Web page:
On September 10, 2009, five men who were inmates in the Sussex County Jail accepted a total of $25,830 as full settlement of their lawsuit for damages resulting from raw sewage backing up into their cells. Of the sum, the inmates each received $3,340, for a total of $16,700, while the remainder went for their attorney’s fee and other costs.
The backup, which occurred on June 12, 2005, entered into the cells of inmates Jeffrey Bissonnette, Matthew Everhart, Shawn Laverty, Thomas Piscotty and Jack Asencio, all of whom were being held in isolation in the jail’s disciplinary unit. In their lawsuit, the men claimed that jail officials refused their requests to be removed from their cells and were forced to eat their meals there and to clean up the mess. The backup was apparently caused by another inmate flushing a blanket down a toilet.
The case is captioned Everhart et al v. Board of Chosen Freeholders of the County of Sussex, Case No. 07-cv-02650-FSH . The inmates’ lawyer was Damiano M. Fracasso of Mount Olive. A June 12, 2007 news article regarding the lawsuit’s filing and the settlement agreements are on-line here.
The settlement agreements require the inmates to keep the settlement terms “as confidential as possible under the circumstances.” Such confidentiality agreements, however, do not supersede the public’s right to know under the Open Public Records Act (OPRA).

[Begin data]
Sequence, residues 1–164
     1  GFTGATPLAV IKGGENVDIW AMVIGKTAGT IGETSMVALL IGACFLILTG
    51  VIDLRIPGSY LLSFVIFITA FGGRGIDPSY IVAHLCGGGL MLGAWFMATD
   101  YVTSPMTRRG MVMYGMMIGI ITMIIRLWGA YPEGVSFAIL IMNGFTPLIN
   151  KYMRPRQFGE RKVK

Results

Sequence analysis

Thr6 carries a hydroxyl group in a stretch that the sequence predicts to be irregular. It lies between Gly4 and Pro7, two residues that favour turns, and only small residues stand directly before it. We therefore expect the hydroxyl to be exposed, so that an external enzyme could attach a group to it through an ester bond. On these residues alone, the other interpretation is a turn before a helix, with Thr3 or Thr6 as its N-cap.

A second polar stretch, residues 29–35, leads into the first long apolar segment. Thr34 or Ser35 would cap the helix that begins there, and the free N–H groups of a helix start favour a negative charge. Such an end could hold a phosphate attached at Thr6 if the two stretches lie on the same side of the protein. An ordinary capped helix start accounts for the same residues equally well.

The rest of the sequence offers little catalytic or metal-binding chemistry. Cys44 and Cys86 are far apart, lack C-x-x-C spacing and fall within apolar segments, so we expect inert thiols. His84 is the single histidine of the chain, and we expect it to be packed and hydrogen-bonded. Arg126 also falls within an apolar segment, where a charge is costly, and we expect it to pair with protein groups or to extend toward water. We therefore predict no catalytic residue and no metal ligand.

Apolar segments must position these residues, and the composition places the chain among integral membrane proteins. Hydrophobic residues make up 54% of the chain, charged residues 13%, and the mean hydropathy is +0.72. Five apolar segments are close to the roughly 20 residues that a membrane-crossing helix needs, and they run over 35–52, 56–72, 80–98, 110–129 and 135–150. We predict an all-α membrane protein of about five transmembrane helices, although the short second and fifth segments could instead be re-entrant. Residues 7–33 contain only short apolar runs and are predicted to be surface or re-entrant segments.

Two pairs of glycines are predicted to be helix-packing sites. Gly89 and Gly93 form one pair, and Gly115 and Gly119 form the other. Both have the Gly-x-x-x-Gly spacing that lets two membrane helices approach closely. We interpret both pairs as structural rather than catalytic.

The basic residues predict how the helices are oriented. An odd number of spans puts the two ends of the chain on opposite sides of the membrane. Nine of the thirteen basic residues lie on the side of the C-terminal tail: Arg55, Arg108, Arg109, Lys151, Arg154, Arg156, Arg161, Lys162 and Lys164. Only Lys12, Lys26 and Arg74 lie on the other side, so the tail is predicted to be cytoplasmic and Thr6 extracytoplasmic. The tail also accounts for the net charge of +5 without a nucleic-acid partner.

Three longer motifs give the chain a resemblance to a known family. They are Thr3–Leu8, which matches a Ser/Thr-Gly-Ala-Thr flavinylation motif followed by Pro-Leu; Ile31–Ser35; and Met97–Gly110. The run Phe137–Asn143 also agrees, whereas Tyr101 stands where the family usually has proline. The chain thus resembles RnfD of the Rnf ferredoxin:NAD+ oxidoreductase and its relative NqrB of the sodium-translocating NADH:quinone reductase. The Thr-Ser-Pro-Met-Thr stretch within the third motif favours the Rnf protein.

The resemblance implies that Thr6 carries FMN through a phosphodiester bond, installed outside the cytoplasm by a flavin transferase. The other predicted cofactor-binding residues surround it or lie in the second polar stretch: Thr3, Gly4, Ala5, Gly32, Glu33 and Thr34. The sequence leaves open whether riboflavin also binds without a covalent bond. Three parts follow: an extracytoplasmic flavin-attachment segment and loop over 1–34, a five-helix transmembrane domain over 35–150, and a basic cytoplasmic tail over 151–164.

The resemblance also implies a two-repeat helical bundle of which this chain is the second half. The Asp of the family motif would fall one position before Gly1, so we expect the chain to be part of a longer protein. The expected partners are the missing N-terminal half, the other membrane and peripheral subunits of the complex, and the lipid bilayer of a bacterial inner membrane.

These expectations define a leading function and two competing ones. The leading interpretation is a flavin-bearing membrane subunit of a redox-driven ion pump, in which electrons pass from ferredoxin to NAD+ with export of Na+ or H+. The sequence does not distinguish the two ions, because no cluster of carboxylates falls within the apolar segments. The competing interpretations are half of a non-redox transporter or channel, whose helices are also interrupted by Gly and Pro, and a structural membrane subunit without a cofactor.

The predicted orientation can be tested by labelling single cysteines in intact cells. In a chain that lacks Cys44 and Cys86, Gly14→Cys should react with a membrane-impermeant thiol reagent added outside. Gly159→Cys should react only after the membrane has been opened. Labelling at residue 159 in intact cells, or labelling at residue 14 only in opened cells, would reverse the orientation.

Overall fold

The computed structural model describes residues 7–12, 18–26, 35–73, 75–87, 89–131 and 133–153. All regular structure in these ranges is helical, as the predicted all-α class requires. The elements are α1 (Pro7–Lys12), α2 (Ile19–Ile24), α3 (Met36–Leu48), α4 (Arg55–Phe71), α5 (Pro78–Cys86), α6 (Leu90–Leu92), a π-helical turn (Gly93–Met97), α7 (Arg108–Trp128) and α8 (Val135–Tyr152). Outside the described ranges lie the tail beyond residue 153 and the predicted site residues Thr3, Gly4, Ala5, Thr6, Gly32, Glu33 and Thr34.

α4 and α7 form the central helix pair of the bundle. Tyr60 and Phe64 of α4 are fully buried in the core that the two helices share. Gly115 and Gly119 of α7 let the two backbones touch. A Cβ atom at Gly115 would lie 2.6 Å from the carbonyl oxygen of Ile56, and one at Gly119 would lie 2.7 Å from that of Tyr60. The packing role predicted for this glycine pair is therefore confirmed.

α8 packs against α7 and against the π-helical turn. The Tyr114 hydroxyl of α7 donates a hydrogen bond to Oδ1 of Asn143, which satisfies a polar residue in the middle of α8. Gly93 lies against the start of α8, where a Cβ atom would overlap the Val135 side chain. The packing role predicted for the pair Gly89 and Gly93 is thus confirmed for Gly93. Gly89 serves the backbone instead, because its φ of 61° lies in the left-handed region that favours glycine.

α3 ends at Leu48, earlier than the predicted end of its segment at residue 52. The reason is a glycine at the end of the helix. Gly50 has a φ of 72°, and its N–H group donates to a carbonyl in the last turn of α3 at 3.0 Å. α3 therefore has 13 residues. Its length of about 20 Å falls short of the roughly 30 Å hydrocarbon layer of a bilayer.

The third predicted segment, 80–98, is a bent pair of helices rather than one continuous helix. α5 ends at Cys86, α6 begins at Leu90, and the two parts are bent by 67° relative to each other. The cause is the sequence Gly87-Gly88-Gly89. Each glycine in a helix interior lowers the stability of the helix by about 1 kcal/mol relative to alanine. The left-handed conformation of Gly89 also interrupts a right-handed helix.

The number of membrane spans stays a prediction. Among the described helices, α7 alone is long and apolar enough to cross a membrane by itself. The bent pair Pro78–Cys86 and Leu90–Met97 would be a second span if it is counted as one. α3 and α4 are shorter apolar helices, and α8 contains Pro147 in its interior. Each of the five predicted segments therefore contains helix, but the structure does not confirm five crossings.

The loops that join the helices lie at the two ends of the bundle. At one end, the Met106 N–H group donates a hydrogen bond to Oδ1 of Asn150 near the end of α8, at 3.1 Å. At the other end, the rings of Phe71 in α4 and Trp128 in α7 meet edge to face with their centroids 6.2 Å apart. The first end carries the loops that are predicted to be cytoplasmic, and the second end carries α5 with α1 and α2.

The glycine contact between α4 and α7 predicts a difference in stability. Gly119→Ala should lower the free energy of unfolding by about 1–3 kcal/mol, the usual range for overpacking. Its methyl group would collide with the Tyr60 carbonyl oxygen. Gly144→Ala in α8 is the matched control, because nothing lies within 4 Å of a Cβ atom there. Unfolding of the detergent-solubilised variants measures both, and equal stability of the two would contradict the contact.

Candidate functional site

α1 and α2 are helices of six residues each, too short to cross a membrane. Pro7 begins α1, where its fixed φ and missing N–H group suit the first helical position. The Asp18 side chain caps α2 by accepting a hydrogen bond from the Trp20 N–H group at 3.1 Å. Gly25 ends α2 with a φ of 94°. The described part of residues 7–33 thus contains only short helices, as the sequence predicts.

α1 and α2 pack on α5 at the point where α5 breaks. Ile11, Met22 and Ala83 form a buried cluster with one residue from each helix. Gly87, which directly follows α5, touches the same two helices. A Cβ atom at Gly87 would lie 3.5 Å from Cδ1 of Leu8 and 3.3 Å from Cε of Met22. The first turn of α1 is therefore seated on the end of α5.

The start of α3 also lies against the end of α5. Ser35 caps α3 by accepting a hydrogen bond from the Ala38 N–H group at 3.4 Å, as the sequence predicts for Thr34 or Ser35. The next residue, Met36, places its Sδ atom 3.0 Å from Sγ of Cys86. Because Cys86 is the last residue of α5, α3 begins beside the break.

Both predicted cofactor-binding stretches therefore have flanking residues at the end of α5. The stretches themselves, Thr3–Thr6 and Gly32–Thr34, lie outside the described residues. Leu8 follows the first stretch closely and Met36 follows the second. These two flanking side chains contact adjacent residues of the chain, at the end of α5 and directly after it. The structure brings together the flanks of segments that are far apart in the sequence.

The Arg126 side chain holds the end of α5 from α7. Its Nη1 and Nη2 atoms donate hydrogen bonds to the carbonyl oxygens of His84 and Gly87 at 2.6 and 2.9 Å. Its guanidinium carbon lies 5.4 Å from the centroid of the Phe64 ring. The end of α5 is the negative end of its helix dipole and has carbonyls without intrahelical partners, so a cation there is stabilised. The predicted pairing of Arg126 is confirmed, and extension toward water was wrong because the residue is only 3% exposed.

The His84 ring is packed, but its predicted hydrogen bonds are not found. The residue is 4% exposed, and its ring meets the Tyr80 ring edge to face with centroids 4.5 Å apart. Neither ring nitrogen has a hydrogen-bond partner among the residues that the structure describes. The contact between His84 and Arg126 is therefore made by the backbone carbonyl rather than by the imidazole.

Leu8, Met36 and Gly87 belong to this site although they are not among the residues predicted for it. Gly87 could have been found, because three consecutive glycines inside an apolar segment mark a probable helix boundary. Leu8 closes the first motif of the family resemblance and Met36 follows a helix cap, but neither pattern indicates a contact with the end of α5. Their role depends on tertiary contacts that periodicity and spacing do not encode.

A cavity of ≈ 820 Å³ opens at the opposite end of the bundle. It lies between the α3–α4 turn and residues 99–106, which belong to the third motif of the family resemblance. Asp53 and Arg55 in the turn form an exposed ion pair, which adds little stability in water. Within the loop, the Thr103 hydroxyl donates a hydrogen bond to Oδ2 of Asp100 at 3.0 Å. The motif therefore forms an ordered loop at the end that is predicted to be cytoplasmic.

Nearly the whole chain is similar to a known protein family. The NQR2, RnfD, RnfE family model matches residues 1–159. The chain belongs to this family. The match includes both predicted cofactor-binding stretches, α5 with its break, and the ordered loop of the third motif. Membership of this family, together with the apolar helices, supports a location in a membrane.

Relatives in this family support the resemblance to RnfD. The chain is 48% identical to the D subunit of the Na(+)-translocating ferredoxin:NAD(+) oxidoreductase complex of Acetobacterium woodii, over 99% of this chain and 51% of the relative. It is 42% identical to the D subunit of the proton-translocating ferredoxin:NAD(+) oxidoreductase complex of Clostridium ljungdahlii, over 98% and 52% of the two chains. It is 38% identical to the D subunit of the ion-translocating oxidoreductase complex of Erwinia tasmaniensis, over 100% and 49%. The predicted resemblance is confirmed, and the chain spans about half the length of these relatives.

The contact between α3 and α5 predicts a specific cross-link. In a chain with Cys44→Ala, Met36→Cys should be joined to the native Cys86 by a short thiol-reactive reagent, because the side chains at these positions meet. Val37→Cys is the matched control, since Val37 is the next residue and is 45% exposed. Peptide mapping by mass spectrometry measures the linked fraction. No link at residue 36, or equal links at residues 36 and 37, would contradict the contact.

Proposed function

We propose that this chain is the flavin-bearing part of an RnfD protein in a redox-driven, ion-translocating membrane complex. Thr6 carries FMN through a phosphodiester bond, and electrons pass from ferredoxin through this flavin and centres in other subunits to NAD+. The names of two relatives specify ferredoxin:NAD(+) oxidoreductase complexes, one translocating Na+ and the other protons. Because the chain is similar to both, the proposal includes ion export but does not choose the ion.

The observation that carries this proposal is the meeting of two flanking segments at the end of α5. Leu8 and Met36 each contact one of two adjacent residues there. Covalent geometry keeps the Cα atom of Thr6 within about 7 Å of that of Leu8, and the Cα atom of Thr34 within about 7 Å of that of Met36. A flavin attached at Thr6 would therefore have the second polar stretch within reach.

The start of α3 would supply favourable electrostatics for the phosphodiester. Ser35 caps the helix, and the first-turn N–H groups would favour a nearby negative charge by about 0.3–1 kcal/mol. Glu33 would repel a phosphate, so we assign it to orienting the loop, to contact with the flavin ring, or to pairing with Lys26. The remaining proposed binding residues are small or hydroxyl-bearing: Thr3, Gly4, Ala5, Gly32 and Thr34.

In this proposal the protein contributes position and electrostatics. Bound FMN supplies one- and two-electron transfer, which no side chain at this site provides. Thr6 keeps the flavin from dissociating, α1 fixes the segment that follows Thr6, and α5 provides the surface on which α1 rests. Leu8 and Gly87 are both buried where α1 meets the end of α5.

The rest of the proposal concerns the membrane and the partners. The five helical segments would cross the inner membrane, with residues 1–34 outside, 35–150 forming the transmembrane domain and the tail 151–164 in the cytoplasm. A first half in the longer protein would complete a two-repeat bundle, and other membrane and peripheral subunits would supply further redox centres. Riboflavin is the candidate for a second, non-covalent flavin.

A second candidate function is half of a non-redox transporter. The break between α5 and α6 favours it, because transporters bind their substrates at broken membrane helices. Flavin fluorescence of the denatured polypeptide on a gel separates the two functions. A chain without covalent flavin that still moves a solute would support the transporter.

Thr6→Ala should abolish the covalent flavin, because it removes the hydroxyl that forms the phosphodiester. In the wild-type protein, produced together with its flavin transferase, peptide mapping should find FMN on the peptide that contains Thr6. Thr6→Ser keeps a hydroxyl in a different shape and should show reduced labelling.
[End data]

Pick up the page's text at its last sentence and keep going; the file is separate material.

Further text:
None of the mens’ allegations have been proven or disproven in court. The settlement agreement expressly states that the $25,830 payment does not constitute an admission of wrongdoing by the County or the its jail officials. All that is known for sure is that Sussex County, and perhaps its insurer, for whatever reason, decided that they would rather pay the men and their lawyer $25,830 than take the matter to trial. Perhaps Sussex County’s decision to settle was done to save further legal expense and the costs of trying what were in fact exaggerated or meritless claims. Or, perhaps the claims were true and Sussex County wanted to avoid being embarrassed at trial. This is the problem when cases settle before trial–it is impossible to know the truth of what really happened.